The Foxy Five is web series directed by Jabu Nadia Newman, a 23 year old Capetonian. With sincerity and attentive realism, each one of the five 15-minute episodes delves into a specific issue, played out through the diverse but complementary lives of the five friends. Positive reception across the social networks was quick to come, together with the campaign that helped fund the project. A combination easily explained as a result of the political awakening within her generation in South Africa, Newman points out.
Portrait de Jabu Newman, courtesy Jabu Newman
Creating outstanding characters
“I’ve always been in a very political family but I’ve never been surrounded by contemporaries who were also very politicised. And well, speaking about these concepts I’d never heard about, like intersectional feminism, that was really interesting to me because I’ve always wondered what feminism meant in the 21st century and how it still mattered to us”, Newman reveals. A huge admirer of Kahlo’s work, the young filmmaker and photographer decided to create The Foxy Five, firstly for herself, because she believed that the project might answer her own questions regarding feminism.
credits : Jabu Newman
Clearly inspired by Blaxploitation (an American genre emerging in the 1970s which featured majoritarily black casts and immediately recognisable aesthetics), each character reflects an archetype often found in our own social circles or along the feminist journey: the hippie, the intellectual, the panafricanist, the revolutionary, the sexually liberated woman. In the Foxy Five family, we meet: Blaq Beauty, a feminist who is the “wife of Martin Luther King and mistress of Malcolm X”. Radical, preparing for an imminent armed revolution and proudly chanting “black power” with a clenched fist. Next, we are introduced to Femme Fatale, the queer, experienced and sexually knowledgeable friend who is never afraid to experiment and is always equipped with a cheeky anecdote. Moving on to Unibond, our narrator fighting for the unification of panafrican and African womens’ movements. Impossible to forget is Prolly Plebs, the woman who wears her (naive) heart on her sleeve and for whom, love conquers all. Finally, we have WomxnWe, the intellectual, the prude, a sufferer of mental illness and a walking encyclopedia of the feminist movement and intersectionality.
Intersectional feminism? What’s that?
The term ‘intersectionality’ was first conceived by the feminist academic Kimberlé Crenshaw in a study, published in 1991, on the violence faced by working-class black women in the US. It enabled an analysis of the different forms of domination that an individual could experience —race, class, gender, etc. For instance, a black, immigrant, working-class, disabled-bodied, lesbian, muslim woman does not have the same status in society as a white, French, upper-class, able-bodied, heterosexual, catholic, cisgender man. Despite the epistemological debates that it provokes in scientific circles, “intersectionality”, as a term and an analytical tool, is being used more and more widely among feminist activists.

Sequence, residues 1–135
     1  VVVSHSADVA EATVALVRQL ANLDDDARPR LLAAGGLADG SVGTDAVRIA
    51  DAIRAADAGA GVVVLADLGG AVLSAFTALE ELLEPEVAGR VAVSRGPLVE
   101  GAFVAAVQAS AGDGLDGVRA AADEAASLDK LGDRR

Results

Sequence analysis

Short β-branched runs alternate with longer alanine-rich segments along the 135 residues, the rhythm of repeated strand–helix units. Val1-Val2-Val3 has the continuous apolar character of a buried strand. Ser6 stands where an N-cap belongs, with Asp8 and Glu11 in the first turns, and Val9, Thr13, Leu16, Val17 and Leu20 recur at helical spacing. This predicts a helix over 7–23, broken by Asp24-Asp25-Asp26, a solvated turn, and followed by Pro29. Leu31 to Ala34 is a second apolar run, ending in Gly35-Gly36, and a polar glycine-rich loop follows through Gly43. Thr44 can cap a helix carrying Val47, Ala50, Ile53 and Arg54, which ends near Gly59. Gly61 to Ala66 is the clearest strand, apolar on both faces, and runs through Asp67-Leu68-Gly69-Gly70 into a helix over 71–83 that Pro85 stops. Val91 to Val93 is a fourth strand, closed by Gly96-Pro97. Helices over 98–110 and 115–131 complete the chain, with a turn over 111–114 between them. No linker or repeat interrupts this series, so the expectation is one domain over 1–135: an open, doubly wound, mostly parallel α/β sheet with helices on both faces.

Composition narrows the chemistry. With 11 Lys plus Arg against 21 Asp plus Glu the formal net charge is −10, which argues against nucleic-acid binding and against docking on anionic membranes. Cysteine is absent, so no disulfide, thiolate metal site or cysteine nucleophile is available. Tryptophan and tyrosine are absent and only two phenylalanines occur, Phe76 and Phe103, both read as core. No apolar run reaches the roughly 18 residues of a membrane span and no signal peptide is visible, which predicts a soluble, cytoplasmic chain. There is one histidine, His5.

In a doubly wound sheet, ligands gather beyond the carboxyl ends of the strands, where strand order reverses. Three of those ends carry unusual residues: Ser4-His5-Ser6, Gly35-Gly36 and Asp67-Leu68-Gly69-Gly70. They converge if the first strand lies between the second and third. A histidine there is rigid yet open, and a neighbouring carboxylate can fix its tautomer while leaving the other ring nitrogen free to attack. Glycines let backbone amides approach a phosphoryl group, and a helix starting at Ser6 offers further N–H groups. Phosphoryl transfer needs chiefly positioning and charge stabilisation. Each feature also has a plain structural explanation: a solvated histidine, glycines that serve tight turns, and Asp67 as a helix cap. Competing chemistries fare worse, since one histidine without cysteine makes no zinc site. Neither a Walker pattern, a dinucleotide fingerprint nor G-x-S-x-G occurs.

In her 1981 Ain’t I a Woman? —whose title refers to a speech of slave-born abolitionist Soujourner Truth— the American feminist and intellectual Bell Hooks lays the foundations for what Black feminism is. This school of feminism, inherently intersectional, shows that the struggles of a black, Arabic or Asian woman, are not the same as those of a white woman. “For some, intersectional feminism means chaos… So I wanted to write a script which would describe or explain it. I understood class difference, that one can be oppressed and also be the oppressor, and that it’s important to be aware of your privileges”. In an meticulous effort to depict accurately the realities of South African millennials, in the fourth episode on Youtube, Jabu Nadia Newman looks at transmisogyny and the discriminations that trans women suffer.
credits : Jabu Newman
When a web series becomes a classroom
Watching the sisterhood, we confront issues such as: sexism, street harassment, patriarchy, white supremacy, the LGBTQ movement, gender, social privilege and mansplaining, among many others. All of this is executed with a register that makes these often over-intellectualized concepts accessible. “I wanted to make Foxy Five for the younger generation who don’t have access to media, to understand the concepts, to watch this and without knowing what feminism is, to recognise it through everyday experiences. My goal is to get on television. For those who have a television but no internet. I want my web series to be seen by the young women who don’t have the opportunity to read and study these concepts.”
credits : Jabu Newman
In a country which still bears the scars of its history, Jabu Nadia Newman belongs to the born free generation (who were born or grew up after the end of the Apartheid in 1994). After the #FeesMustFall movement in October 2015 and #PretoriaGirlsHigh protests during the summer of 2016, she was thrilled to see the sudden politicisation of young black South Africans. “When the Pretoria High girls were protesting, it was amazing to see how the little ones were fighting for things that, we, as an older generation didn’t recognise at their age. They were just like “Wow, it’s fucked up that black women can’t wear their afros.” I think it’s amazing to see the dynamics in current conversations! Before #FeesMustFall, women were just going to university. But now, we also speak about feminism, politics and society.” Just like her five characters on the internet.
The adventures of these ordinary heroines happen in a world that we recognize, quietly deconstructing stereotypes of black women. Quite brilliantly, Newman strikes several sensitive chords, leaving only one regret: the series’ —too short— format.